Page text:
Corbis Buys Digital Stock

Posted on 3/6/1998 by Jim Pickerell | Printable Version | Comments (0)

Corbis Corporation acquired Digital Stock Corporation in early February. We believe Digital Stock is the world's second largest provider of royalty-free digital images.

At one point a few months ago Getty-Images was discussing the possible purchase of Digital Stock for around $25 to $30 million. We expect the Corbis purchase was in that ballpark.

"Today's acquisition represents an aggressive move by Corbis to broaden its content and customer

base to include

advertising, graphic design, corporate

communications, pre-press, publishing, multimedia and web site design markets."

Digital Stock becomes an operating division of Corbis' image licensing business and will maintain

its current operations

in Encinitas, CA.

"Corbis recognizes that there is a broad spectrum of both content and customers," said Leslie

Hughes, vice president and

managing director of Corbis

Images. Ms. Hughes recently joined Corbis from The Image Bank.

"With the acquisition of Digital Stock, Corbis is putting in place an important piece of the total product spectrum. By marrying our world-class image collection with our sophisticated technology, Corbis is uniquely positioned to provide digital solutions for visual content users across a wide range of needs, from royalty-free commercial offering for the corporate art director to unique works from major artists and museums for the publisher."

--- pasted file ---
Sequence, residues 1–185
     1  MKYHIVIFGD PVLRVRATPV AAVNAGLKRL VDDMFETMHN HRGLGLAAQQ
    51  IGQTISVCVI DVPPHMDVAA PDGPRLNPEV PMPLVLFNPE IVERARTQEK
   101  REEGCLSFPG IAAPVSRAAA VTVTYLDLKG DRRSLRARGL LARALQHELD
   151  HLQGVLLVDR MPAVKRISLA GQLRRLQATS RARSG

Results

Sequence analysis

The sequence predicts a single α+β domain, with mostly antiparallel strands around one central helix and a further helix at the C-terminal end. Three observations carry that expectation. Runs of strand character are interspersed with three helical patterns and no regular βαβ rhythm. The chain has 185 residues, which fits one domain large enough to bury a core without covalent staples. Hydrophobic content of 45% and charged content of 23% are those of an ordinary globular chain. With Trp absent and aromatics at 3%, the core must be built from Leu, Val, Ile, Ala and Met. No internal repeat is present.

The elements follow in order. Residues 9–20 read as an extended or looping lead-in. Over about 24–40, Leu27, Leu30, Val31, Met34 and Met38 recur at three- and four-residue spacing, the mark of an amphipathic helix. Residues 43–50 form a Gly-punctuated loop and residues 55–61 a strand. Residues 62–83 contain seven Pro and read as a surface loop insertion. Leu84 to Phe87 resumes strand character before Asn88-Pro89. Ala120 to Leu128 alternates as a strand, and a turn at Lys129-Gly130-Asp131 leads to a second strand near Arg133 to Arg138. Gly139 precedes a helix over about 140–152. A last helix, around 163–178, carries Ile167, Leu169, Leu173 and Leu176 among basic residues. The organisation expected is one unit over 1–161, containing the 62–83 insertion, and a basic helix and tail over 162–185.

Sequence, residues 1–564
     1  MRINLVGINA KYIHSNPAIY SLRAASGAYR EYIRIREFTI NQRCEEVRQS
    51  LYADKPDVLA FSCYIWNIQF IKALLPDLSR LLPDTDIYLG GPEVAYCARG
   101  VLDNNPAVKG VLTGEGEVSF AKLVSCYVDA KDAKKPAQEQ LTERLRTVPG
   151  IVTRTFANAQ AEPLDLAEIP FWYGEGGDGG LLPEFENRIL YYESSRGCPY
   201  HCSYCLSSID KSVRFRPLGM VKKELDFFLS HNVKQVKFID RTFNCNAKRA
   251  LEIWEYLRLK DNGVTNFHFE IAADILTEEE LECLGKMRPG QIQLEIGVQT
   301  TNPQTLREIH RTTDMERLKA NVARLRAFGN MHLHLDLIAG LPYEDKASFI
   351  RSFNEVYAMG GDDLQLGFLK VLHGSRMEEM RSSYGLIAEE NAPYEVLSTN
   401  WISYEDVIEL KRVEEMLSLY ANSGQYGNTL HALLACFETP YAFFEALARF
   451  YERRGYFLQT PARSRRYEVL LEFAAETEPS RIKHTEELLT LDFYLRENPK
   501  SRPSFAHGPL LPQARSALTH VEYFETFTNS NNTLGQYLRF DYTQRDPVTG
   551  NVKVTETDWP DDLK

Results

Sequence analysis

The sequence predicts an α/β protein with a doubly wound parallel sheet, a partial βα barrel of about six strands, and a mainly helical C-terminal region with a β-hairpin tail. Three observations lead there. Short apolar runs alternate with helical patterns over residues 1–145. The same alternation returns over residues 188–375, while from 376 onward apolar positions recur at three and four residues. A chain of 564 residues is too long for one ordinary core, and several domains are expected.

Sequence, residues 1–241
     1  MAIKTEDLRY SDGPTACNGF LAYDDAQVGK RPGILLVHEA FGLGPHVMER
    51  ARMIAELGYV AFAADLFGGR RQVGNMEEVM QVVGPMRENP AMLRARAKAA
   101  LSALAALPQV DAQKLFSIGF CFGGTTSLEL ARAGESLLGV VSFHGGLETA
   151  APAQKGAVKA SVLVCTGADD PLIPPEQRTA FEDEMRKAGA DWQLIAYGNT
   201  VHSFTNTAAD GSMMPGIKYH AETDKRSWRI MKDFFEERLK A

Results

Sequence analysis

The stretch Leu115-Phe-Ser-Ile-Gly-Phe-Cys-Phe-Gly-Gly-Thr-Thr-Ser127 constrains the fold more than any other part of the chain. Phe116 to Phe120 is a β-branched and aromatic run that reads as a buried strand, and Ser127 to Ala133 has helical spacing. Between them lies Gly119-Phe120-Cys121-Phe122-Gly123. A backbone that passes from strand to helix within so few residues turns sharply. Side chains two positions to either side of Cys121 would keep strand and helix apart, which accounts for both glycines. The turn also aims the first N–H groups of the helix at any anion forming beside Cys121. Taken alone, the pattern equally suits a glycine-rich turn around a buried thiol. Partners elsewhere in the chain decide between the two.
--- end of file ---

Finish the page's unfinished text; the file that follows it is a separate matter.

The move marks a major change in direction for Corbis.

The most significant part of this move is that Corbis, for the first time, has acquired imagery

that is likely to be of

interest to the advertising and

graphic design community. Up to now, Corbis has focused exclusively on the editorial and consumer

side of the business.

When acquiring content they

focused on shooters that had a specialty in editorial. When they found a photographer who had both

advertising and

editorial imagery, the Corbis

editors usually totally ignored the best selling advertising images and went only for those that

were editorial.

Some Corbis photographers have expressed concern that Corbis may try to take images already placed

in the Corbis database

and put them on RF discs. We

think that concern is unfounded except in cases where Corbis totally owns the images. Their

contracts with photographers

do not allow such use. In

addition, the vast majority of imagery in the Corbis file is not of a type that would be of

interest to Digital Stock

clients.

The more interesting questions are:

  • As a first step in acquiring content of interest to the Advertising and Graphic Design

    community, why did Corbis

    choose the RF route rather

    than purchasing a traditional agency that focuses on "rights control"?

  • Will Corbis start looking at some of the "Rights Control" agencies as possible acquisitions?

  • Will Corbis make effective use of the DS client database to determine who is using images?

    Will they finally

    understand that the client base for